Gonzalez took office after defeating Republican Ron Hickman, his predecessor and a Commissioners Court appointee, in 2015 after former sheriff Adrian Garcia resigned to run unsuccessfully for Houston mayor.
Garcia, now a Commissioners Court member, would be among the county leaders to pick Gonzalez’s replacement.
“He brings with him such a wealth of experience — the wealth of experience coming from the fact that he is a long-time law enforcement leader,” Garcia said.
Past immigration enforcement leaders, Garcia said, have not brought that experience to the table.
Garcia pointed to Gonzalez’s decision to end a contested ICE partnership — known as 287G — in which some Harris County sheriff’s deputies were trained to perform the functions of federal immigration officers. Under the program, deputies were trained to determine the immigration status of jailed suspects and hold those selected for deportation.
Gonzalez said the sheriff’s office saved at least $675,000 by redeploying deputies to other law enforcement duties.
“I supported him in abolishing that policy,” Garcia said.
Immigrant advocates expressed guarded optimism to the Biden administration’s ICE choice, with FIEL Houston officials calling him a listener.
“We can attest to is the fact that he has been and continues to be a man who listens to and takes input from the community,” Cesar Espinosa, FIEL executive director, said in a statement. “We understand that the role he is about to undertake is a huge and controversial role and we wish him well in this endeavor.”
Regardless of who leads the law enforcement agency, Espinosa said he would like for ICE leadership to end immigration raids, the use of the 287G program elsewhere and stop forcing ankle monitors on those “who do not pose a flight risk.”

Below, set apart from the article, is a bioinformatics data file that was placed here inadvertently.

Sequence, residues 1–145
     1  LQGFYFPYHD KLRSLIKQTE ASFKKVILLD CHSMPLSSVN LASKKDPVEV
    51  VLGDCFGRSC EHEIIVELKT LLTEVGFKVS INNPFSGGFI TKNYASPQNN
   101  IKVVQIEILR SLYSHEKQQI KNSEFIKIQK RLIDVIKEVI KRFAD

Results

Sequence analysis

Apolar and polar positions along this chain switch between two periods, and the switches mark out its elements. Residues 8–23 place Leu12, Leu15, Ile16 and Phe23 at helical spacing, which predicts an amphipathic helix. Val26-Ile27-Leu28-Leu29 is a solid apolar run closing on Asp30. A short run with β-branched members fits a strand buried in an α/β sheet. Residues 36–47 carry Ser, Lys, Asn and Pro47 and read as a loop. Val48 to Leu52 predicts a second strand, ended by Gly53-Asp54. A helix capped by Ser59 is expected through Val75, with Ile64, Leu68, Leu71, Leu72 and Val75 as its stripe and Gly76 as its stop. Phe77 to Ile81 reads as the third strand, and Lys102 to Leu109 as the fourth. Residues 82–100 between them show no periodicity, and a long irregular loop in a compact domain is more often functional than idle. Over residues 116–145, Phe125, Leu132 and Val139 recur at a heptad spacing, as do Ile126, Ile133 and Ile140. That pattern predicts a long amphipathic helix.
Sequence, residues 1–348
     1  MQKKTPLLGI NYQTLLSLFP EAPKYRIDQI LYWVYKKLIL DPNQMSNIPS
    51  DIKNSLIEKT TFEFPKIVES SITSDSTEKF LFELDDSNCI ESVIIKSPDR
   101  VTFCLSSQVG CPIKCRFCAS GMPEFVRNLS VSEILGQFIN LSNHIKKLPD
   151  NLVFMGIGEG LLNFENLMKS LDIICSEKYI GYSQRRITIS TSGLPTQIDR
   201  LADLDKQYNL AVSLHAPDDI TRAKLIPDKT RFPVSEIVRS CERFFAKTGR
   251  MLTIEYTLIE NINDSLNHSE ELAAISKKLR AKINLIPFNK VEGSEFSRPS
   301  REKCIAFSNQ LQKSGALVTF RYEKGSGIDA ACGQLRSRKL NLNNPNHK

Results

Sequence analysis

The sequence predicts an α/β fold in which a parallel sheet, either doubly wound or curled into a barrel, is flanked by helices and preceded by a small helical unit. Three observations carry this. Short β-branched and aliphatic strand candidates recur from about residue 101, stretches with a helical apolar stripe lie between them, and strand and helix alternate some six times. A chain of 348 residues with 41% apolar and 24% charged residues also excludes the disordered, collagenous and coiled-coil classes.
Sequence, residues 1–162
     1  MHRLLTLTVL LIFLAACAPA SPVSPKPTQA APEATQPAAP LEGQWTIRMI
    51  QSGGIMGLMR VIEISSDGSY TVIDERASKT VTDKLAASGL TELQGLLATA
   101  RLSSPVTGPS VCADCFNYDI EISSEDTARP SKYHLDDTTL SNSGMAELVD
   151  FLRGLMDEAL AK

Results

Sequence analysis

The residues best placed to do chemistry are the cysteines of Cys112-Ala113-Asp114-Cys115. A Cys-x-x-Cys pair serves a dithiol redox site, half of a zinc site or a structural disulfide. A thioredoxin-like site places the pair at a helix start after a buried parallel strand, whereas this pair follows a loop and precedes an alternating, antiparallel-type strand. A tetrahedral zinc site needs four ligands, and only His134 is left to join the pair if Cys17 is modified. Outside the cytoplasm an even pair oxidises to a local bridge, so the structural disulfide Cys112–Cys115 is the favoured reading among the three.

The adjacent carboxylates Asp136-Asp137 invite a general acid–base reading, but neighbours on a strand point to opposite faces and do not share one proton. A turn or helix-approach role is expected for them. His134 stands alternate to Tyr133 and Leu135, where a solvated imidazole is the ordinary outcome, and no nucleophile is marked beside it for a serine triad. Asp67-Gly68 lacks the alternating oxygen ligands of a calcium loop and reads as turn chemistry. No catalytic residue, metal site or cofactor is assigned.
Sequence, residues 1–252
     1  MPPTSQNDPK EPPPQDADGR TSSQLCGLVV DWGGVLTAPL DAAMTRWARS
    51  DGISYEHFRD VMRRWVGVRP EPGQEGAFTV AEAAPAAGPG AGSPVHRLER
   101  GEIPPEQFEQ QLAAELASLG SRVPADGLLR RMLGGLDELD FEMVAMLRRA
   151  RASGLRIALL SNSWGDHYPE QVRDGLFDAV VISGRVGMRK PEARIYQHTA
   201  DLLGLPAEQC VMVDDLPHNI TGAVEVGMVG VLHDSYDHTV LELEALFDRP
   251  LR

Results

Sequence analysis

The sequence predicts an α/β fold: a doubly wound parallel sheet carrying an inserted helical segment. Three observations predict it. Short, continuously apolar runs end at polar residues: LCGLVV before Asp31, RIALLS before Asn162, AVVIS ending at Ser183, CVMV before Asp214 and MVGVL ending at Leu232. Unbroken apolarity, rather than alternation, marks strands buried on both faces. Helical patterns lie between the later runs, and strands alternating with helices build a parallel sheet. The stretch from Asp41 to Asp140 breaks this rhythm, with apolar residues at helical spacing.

Ali Noorani, president of the National Immigration Forum, called Gonzalez a humane choice for ICE leadership.
“His proven track record of pushing for smarter immigration enforcement, as well as advocating for Dreamers in his community, is an encouraging sign that he would run ICE with both practicality and compassion,” she said.
César Cuauhtémoc García Hernández, a law professor at the University of Denver focused on immigration, noted Gonzalez’s “complicated history” with ICE, given his decision to end the controversial 287(g) agreement with the agency.
“It will be interesting to see how much that decision is reflected in his work as head of ICE assuming he confirmed by the senate,” he said.
He also noted that while Gonzalez, if confirmed, would take over a significantly larger agency, but would be accepting a role where he would no longer be the top decision maker or policy setter — and instead accept direction from the Biden White House or Department of Homeland Security Secretary Alejandro Mayorkas.
True, but Sheriff Gonzalez was also a City Council member, so he has experience in not being the top person in the organization. He’ll do fine, as long as he has the resources and the mandate to do what needs to be done.
As for the local political implications, we may get a current Constable elevated to the Sheriff’s job, or we may get one of Gonzalez’s top assistants. I’m sure we’ll start hearing some names soon, and I expect Commissioners Court to fill the spot within a month or so of his departure. Which will not be until after he’s confirmed, so we’ll see how long that takes. Whatever the case, all the best wishes to Sheriff Gonzalez. We’ll miss you, but the country as a whole will be better off.
(The same press release also announced that former CD23 candidate Gina Ortiz Jones was nominated to be under secretary of the Air Force. She is highly qualified for that job, and I wish her all the best as well.)